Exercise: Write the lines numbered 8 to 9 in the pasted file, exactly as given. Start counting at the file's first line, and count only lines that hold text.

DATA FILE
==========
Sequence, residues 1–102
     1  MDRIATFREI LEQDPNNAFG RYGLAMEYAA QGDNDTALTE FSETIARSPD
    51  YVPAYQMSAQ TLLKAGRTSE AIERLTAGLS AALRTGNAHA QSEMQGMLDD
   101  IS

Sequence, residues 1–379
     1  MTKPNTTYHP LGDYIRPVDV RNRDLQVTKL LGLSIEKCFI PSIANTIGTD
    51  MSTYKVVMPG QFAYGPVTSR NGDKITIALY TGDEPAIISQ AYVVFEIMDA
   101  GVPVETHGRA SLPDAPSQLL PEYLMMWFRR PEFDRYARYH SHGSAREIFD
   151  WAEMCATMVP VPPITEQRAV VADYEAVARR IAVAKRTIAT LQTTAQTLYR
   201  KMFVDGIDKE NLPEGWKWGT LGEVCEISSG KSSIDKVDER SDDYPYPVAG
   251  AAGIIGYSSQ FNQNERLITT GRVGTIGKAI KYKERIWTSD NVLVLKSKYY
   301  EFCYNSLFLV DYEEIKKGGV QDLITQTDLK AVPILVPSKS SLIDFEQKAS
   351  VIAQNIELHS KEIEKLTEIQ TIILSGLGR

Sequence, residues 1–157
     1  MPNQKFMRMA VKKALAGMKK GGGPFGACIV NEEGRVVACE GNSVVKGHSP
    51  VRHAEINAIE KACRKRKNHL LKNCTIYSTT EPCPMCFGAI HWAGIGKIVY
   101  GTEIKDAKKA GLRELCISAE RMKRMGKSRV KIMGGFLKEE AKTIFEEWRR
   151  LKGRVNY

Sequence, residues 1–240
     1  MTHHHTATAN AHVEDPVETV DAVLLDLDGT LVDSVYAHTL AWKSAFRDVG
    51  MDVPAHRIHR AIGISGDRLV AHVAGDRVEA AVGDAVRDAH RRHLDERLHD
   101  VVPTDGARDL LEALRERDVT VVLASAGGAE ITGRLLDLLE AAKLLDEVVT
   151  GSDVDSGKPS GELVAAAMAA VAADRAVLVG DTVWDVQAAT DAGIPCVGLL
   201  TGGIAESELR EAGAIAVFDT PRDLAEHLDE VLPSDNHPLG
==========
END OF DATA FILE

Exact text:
   101  GVPVETHGRA SLPDAPSQLL PEYLMMWFRR PEFDRYARYH SHGSAREIFD
   151  WAEMCATMVP VPPITEQRAV VADYEAVARR IAVAKRTIAT LQTTAQTLYR